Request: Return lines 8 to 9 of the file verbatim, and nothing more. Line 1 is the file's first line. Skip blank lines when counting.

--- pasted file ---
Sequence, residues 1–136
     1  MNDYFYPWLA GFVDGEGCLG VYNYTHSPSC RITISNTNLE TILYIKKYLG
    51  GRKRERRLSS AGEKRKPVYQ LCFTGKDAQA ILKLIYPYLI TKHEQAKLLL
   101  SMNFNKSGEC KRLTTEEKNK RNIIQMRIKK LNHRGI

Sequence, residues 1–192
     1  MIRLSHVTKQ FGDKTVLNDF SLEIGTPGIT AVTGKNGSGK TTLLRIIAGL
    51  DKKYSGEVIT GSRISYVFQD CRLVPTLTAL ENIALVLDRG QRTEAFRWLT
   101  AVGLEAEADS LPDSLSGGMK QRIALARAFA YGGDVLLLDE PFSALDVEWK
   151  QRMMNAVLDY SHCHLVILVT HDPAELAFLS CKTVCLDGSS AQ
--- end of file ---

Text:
   101  AVGLEAEADS LPDSLSGGMK QRIALARAFA YGGDVLLLDE PFSALDVEWK
   151  QRMMNAVLDY SHCHLVILVT HDPAELAFLS CKTVCLDGSS AQ